When the crows heed their endless calling,  

Look to the Moon to see a Lady, dancing in the blackened clouds,

And when at night you see her coming, fall in wonder of what  

beauty she possesses, and shed your tears.  

The Great Queen is walking her footsteps once again.    

Morrighan, Morrighan, you’ll call her by name.


When the old earth opens from beneath your feet,   

crows will catch you before you fall and place you in

Her cauldron,  where rebirth waits and death awakens,   

your prophecy you will find. What you see is Her,

walking the shadows and howling to the Universe,  

forewarning Her arrival.


Black hair falling to Her feet, fill the ocean and become the waves,

Her legs become the forest; Her breasts become the mountains.     

Her womb becomes your ancient home.

Morrigan

by Danielle Dee
The Morrigan is a goddess of battle, strife, and fertility. Her name translates as either “Great Queen” or “Phantom Queen,” and both epithets are entirely appropriate for her. The Morrigan appears as both a single goddess and a trio of goddesses. The other deities who form the trio are Badb (“Crow”), and either Macha (also connotes “Crow”) or Nemain (“Frenzy”). The Morrigan frequently appears in the ornithological guise of a hooded crow. She is one of the Tuatha Dé Danann (“Tribe of the goddess Danu”) and she helped defeat the Firbolg at the First Battle of Mag Tuireadh and the Fomorians at the Second Battle of Mag Tuireadh.

Origin

The origins of the Morrigan seem to reach directly back to the megalithic cult of the Mothers. The Mothers (Matrones, Idises, Disir, etc.) usually appeared as triple goddesses and their cult was expressed through both battle ecstasy and regenerative ecstasy. It’s also interesting to note that later Celtic goddesses of sovereignty, such as the trio of Eriu, Banba, and Fotla, also appear as a trio of female deities who use magic in warfare. “Influence in the sphere of warfare, but by means of magic and incantation rather than through physical strength, is common to these beings.” (Ross 205)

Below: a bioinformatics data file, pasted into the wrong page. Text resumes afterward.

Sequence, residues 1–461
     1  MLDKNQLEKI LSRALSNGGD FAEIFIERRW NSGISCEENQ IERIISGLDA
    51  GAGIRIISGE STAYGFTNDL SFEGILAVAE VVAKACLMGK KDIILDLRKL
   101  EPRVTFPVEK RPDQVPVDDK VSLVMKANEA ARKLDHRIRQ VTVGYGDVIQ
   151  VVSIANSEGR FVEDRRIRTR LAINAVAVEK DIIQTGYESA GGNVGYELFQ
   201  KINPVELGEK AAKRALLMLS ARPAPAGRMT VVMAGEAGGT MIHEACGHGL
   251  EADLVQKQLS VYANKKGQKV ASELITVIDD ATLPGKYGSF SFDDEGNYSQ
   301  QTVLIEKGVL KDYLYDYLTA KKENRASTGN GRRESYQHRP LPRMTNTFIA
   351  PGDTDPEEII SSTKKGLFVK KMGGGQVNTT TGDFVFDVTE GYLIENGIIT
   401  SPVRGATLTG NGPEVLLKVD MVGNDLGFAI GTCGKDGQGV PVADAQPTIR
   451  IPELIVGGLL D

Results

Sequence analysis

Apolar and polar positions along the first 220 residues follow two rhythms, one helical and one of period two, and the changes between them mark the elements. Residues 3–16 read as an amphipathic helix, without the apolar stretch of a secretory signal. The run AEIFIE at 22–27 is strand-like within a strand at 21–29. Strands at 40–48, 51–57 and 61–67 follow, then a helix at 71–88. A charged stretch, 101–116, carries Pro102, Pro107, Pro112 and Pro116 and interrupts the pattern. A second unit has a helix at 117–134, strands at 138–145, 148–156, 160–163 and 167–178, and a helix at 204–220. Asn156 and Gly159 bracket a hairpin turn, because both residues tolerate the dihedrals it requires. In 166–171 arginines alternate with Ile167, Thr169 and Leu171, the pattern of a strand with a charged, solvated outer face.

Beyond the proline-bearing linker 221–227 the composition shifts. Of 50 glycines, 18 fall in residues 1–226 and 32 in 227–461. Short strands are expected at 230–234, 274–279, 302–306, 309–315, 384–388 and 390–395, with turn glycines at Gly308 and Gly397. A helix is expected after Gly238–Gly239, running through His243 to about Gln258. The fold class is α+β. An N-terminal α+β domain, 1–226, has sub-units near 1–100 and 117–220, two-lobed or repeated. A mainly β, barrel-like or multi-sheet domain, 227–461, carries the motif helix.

Eriu, a goddess connected to the land in a fashion reminiscent of the Mothers, could appear as a beautiful woman or as a crow, as could the Morrigan. The Disir appeared in similar guises. In addition to being battle goddesses, they are significantly associated with fate as well as birth in many cases, along with appearing before a death or to escort the deceased.

There is certainly evidence that the concept of a raven goddess of battle was not limited to the Irish Celts. An inscription found in France which reads Cathubodva, ‘Battle Raven’, shows that a similar concept was at work among the Gaulish Celts.

Valkyries in Norse cosmology. Both use magic to cast fetters on warriors and choose who will die.

During the Second Battle, the Morrigan “said she would go and destroy Indech son of De Domnann and ‘deprive him of the blood of his heart and the kidneys of his valor’, and she gave two handfuls of that blood to the hosts. When Indech later appeared in the battle, he was already doomed.” (Rees 36)

Compare this to the Washer at the Ford, another guise of the Morrigan. The Washer is usually to be found washing the clothes of men about to die in battle. In effect, she is choosing who will die.

An early German spell found in Merseburg mentions the Indisi, who decided the fortunes of war and the fates of warriors. The Scandinavian “Song of the Spear”, quoted in “Njals Saga”, gives a detailed description of Valkyries as women weaving on a grisly loom, with severed heads for weights, arrows for shuttles, and entrails for the warp. As they worked, they exulted at the loss of life that would take place. “All is sinister now to see, a cloud of blood moves over the sky, the air is red with the blood of men, and the battle women chant their song.” (Davidson 94)